It was just after New Year’s in 2017. I was having migraine headaches, which I’ve had many before. I knew what I needed to do to make it go away. But this time, the headache didn’t go away. I woke up the next day with vision problems in my right eye that kept getting worse. My colleagues convinced me to go to immediate care. I thought they were going to give me prescription-strength migraine medicine, but within minutes, they told me I needed to go to the ER.
Not thinking it was a big deal, I walked the six blocks to the nearest hospital in Chicago. When I got there, I waited several hours before I was seen (lesson learned about not calling an ambulance). By the next morning I was admitted to the hospital, and Friday, I was in surgery to remove a meningioma.
It all happened so fast—I had my biopsy and tumor resection done at the same time. My surgeon said it was a textbook success except for a small part they couldn’t remove next to my optic nerve.
It’s been seven years since my diagnosis, and I’m fortunate to be doing so well. I’m not in treatment—I just get routine scans every couple years now.
My surgery was just a couple weeks before my 32nd birthday. Up until my diagnosis, I had the “someday” mentality. You know, “I’m young. I’ve got plenty of years left.” But my experience, which could have been debilitating, was more of a reckoning that sent me down a path of self-reflection and evaluating every aspect of my life.
I had to really make decisions on whether I wanted to live the way I was, and then take action on making those changes. My experience was a form of post-traumatic growth, almost the exact opposite of post-traumatic stress.
My first change: I was working in a dental office and my supervisor at the time was not very understanding or supportive in my recovery. So less than a month after surgery, I gave notice without another job in hand. I just knew I couldn’t stay there. That was the moment of, “Who is this…leaving without another job in hand? This is not who you are.” But at the same time, it just felt right.
After I left my job, I started working with a career coach to figure out what I wanted to do next. That really opened my eyes to coaching. I decided to get certified as a life coach and use these skills in my next career, whatever it was. The process was rigorous, but it helped me evaluate other areas of my life—like core values and relationships.
I was working with practice clients and they started asking me what I would charge if I kept working with them…I wasn’t even thinking about that at the time. But they continued sharing my information with their own networks, and my coaching really snowballed. That led me to creating my own business.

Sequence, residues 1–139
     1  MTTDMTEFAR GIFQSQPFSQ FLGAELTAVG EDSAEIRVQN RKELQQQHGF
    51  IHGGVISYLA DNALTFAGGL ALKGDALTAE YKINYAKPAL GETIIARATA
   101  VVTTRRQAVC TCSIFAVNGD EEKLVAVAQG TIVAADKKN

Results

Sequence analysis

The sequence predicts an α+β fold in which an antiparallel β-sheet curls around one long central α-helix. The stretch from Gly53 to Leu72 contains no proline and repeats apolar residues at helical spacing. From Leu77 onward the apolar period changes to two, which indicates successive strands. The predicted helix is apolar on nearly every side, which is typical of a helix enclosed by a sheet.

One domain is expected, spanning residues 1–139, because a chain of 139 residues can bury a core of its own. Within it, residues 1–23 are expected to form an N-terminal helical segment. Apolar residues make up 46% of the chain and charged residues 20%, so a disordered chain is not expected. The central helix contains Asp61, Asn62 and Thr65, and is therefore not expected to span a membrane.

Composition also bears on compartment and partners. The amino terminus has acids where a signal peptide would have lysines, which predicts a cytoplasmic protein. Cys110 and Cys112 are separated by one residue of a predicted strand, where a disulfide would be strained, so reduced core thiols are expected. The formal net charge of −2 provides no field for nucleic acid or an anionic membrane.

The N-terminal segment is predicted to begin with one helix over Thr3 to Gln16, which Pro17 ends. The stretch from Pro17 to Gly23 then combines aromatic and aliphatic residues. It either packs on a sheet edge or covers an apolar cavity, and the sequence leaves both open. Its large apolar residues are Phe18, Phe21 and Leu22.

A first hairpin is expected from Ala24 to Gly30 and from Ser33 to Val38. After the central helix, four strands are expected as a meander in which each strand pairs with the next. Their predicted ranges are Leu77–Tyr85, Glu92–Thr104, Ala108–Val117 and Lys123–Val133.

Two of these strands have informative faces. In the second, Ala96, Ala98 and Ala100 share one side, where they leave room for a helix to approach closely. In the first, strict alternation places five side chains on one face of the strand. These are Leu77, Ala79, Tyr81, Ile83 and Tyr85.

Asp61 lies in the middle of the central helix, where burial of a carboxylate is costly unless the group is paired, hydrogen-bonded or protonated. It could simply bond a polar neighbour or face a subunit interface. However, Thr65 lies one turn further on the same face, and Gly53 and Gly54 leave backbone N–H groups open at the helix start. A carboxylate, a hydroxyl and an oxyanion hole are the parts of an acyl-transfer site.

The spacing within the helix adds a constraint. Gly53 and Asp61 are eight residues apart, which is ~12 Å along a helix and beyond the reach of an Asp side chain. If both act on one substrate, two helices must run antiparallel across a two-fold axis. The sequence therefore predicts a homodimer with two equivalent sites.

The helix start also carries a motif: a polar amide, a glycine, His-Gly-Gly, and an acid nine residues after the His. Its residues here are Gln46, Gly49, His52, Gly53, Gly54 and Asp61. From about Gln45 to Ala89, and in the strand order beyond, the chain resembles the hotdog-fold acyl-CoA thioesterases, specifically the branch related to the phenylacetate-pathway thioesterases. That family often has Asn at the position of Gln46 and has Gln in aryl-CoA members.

In simple terms, it means your life is largely what you choose it to be. There may be unexpected things or surprises along the way, like a brain tumor diagnosis, but you play an active role in the design process of building the life you want to live.
I work with a variety of people, but mainly women who are in “the gap.” It’s a space where you’re looking back and know you don’t want to live life the way you have been anymore… you may not know what’s next. But you’re willing to redefine who you are going to be moving forward.
I always wanted my business to be virtual, which has allowed me to serve international clients. It also supports my passion of traveling; I wanted to be able to travel anywhere (like Barcelona!) for a period of time until I’m ready to move on to my next place. I want to set the example for my clients by living my life by design.
Some people need the kick in the butt to get them going and it really works for them. For resolutions, I think it’s great to review, reflect, and improve. But I see a lot of people going through the motions because it’s that time of year, all their friends are doing it, or it’s what society expects of them.
These reasons are related to external motivation—not for themselves. It’s a lever to be pulled, but if the external reward does not grow over time, it’s not going to stick. It eventually needs to kick into other motivational strategies.
My advice: don’t wait. If you are feeling ready to make a change for yourself, there’s no such thing as a start date.
A first step is to start with the future-self activity. Picture yourself 5-10 years from now and write down how old you’ll be. Ask yourself, “What does my future self want me to know, what message does it have for me, what lesson will I have learned over the last five years?” Engaging in this activity can help bring a lot of clarity.
Second, get clear on what your core values are, not those passed onto you by your family or societal expectations. You can go online and find lists of values. Immediately cross off things that are not it. From those remaining, circle the 10 that are important to you. Then put a star next to the five that are most important to you. Of those five, highlight the three you absolutely cannot live without.
I created a resource called “The Examined Life Workbook” that can be ordered online. The workbook has over 70 tools, strategies, and exercises that can help you increase your self-awareness and step into your true self.
I’ve become abundantly clear on who I want to be, the impact I want to have… I’m not reliant on other people to tell me how I should live—I get to define that for myself. It’s allowed me to continue to build the life that I envision for myself.
In the next few years, I want to travel a lot more internationally and cross off a lot of countries that I haven’t, meet amazing people along the way, and collect some wild/crazy/fun stories. It’s great to see that all these pieces I’ve been working on for seven years are finally coming together.